Before I directed my first film, Eighth Grade, I had heard that 90 percent of directing is casting.
I’m sure there are other directors who weigh things differently than I do, but having just finished the film, I’d now say that estimate is low. Casting is nearly everything.
Having said that, there is a large group of brilliant, creative people who, having worked on this film and made it what it is, would want to slap me in my stupid face for saying that. And they should. And I will take the slaps with grace, and then clarify myself: The work that we off-screen people do is important and vital but, ultimately, secondary to the work of the actors—SLAP! I deserved that. The percentage thing is kind of gross. Ninety percent? How about the foundation? The cast is the foundation of a film. If the actor on-screen, the living, breathing, person, isn’t doing her job or isn’t believable as the person she is pretending to be—then all of the other work of a film—even if it’s great work—collapses.
For Eighth Grade, the casting called for young, unknown actors. I’ve never quite understood the term “unknown actor.” Or rather, I’ve never understood the stigma surrounding the idea, the implication that an “unknown actor” is of less value than a “known actor.” Commercially? Sure, the term makes sense. But creatively it’s just the opposite. In fact, it’s the known actor who presents the most dangerous creative pitfalls. Will the audience, despite everything they know about the known actor, lose themselves in her performance? Will they see the character and not the person they’ve seen interviewed on talk shows? Will they, in the moment, really think her name is Joanna and not Meryl?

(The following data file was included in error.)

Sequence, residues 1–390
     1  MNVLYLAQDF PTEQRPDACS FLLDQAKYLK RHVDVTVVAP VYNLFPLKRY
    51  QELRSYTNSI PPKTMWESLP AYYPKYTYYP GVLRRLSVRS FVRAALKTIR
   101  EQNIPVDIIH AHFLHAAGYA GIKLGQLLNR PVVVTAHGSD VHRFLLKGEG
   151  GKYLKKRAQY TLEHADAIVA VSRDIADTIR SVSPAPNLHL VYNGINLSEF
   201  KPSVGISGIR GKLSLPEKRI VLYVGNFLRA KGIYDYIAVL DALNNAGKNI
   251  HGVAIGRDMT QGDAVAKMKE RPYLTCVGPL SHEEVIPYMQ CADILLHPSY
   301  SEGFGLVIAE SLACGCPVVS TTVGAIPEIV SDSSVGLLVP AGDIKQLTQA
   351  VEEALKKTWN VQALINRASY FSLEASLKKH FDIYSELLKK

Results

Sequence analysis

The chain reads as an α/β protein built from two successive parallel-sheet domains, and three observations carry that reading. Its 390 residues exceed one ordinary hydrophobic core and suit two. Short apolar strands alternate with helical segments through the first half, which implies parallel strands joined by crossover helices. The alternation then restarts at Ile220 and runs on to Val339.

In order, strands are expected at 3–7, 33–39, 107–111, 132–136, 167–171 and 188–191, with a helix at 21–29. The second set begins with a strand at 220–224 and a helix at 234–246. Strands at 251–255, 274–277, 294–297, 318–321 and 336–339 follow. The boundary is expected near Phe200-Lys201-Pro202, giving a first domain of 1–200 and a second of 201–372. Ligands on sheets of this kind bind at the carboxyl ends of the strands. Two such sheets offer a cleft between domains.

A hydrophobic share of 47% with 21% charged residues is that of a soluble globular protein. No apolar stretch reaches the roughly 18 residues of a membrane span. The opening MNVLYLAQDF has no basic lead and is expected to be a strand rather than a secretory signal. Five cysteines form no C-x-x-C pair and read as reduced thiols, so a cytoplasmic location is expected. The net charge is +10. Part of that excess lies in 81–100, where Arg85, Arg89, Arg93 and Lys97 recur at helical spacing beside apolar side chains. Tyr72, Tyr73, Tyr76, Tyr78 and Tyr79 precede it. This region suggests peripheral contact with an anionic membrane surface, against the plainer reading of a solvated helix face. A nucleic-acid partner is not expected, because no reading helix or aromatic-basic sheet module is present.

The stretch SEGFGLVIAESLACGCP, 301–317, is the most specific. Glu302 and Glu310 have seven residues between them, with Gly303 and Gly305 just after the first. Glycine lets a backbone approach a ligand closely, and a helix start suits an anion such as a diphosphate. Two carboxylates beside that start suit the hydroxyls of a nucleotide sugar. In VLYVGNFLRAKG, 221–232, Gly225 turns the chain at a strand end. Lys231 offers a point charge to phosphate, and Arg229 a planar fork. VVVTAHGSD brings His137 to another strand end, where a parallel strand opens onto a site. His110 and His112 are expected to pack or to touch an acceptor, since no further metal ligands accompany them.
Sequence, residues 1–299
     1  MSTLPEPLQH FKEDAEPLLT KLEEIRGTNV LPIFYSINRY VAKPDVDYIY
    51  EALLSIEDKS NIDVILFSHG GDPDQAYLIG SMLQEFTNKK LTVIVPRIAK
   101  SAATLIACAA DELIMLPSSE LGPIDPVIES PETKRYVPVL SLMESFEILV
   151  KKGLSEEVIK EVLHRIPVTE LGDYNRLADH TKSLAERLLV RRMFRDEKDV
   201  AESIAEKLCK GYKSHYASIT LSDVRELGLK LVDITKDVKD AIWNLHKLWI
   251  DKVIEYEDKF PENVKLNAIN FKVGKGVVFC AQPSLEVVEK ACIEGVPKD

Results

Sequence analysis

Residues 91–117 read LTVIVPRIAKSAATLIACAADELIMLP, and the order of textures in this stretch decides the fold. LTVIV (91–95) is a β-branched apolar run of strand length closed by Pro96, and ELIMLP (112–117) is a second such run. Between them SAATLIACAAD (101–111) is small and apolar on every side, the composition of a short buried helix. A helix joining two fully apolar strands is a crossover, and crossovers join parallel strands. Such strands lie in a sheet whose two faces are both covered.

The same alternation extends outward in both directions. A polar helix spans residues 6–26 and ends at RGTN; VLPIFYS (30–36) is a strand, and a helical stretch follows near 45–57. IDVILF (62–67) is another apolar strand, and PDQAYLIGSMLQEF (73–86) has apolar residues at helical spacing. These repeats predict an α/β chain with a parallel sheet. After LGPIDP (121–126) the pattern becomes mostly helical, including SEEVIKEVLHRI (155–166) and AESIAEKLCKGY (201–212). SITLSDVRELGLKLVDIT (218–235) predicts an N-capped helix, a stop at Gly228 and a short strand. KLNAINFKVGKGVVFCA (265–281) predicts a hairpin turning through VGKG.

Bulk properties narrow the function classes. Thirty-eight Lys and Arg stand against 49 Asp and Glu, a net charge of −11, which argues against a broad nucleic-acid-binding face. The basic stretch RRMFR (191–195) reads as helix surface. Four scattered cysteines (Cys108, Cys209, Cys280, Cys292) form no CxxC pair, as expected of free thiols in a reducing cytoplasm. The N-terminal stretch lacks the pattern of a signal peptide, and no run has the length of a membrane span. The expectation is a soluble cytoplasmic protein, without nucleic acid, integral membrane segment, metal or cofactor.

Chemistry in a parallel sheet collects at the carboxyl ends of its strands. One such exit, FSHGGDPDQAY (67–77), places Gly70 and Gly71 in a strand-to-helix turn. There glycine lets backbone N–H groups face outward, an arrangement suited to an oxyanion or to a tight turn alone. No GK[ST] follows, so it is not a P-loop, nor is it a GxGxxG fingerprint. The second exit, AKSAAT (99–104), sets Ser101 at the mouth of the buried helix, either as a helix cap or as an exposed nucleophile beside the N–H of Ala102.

To so many great known actors’ credit, many audiences do lose themselves in their performances, and their known-ness is overcome. But it is something to overcome. The unknown actor, on the other hand, appears on-screen to the audience in the ideal way—fresh, new, and for the first time. It is the job of the actor to disappear, to be unknown to the audience in the moment of their performance. One should aspire to be an unknown actor just as one aspires to be an unseen boom operator.
The thought of unknown actors was thrilling to me, and since there are hardly any known 13-year-old actors, it was never really a choice. We could’ve cast known actors by having older actors play younger, but it was important to me that our actors were of the age of the characters. Oftentimes, when older teen actors play younger characters, one can sense the distance—not just physically, but emotionally. I didn’t want it to feel like actors looking back on their past experience, but like they were looking out from within their current experience.